It became a burning ambition to express my own personality in a fragrance, not just to translate someone else's ideas. It was an urge that was impossible to ignore. The chypre accord has always been close to my heart, so I knew that my first 'own' fragrance was going to be a chypre. Bergamot, rose, patchouli, and oakmoss would make the chypre accord...but how to make it different from every other chypre out there? That was the million dollar question that I just had to answer, while staying true to myself, with my own taste and passions for certain ingredients shining through. Using pink peppercorns, pineapple and blackcurrant in the top of my signature fragrance, and allowing the patchouli and amber base notes to be strong and important throughout, gave my fragrance the uniqueness I was aiming for.

Do you have a particular type of person in mind when you create fragrances?

The person I am creating for is an individual who is strong-minded, who is drawn to trying something new, while recognising the intrinsic integrity and quality of classic ingredients. He or she loves to experience the story unfolding as a perfume changes over time, with compelling top notes revealing a vibrant heart and a powerful base. She is challenged by it, and revels in it, the wonderful things/smells there are in the world.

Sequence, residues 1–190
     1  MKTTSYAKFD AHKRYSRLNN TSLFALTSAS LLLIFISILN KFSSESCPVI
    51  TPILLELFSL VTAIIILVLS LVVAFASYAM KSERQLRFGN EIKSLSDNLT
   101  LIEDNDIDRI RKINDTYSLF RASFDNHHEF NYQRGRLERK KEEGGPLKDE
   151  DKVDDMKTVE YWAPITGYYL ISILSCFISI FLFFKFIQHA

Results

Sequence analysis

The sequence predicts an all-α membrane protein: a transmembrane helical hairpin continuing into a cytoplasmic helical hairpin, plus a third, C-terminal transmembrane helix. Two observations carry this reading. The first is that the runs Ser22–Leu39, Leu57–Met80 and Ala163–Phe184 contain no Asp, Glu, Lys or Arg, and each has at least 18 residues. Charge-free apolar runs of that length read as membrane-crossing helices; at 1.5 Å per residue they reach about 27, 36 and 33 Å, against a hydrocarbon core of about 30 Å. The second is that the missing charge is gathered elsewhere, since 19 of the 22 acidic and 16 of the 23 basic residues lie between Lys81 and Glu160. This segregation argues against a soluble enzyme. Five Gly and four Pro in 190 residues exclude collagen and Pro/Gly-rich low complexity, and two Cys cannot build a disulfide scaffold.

You're a British perfumer, where do you draw inspiration from?

I have always been proud to be British, but most of the ingredients we use in perfumery come from far-away lands, where lush climates produce glorious opulent-scented flowers and barks and roots. My travels in the Americas (I spent most of my childhood in the US), the Far East and in Europe have, if anything, heightened my appreciation of all things British, and shown that Britishness in relief, from different angles. My inspiration comes from those travels and from my childhood, probably almost subconsciously - the ideas bubble up to the surface and sometimes it is only afterwards I can put them into context.

What was the inspiration behind Amorosa?

The inspiration for Amorosa was discovering a new part of Italy - it was for me like falling in love! I wanted to capture the excitement of falling in love, with top notes that would take your breath away, with a floral heart that is abundant and joyful, and base notes that are powerful, all-enveloping. So Amorosa came into being, gradually over many months, building on the rocks of the amber and wood notes a heart of tuberose and tiare flower, that culminated in the wonderfully fresh, green top notes with an unusual watermelon accord.


Would you like the chance to win a sample vial of Amorosa?

We have twenty samples of Ruth Mastenbroek's latest fragrance to give away. If you would like to enter the draw, please email, using the subject "Amorosa draw" to: with your name and postal address. We will randomly pick 20 names from all entries received at the close of Sunday 25th November. Sorry, this offer is now closed.[/strike]

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About the author: Lila Das Gupta

Lila Das Gupta is a London based journalist with an interest in all things olfactory. Lila also organises the Perfume Lover's London meet-up group.


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    • Kiliwia | 24th November 2012 16:53

      Hope our UK friends will let us know what they think of Amorosa, it sounds interesting.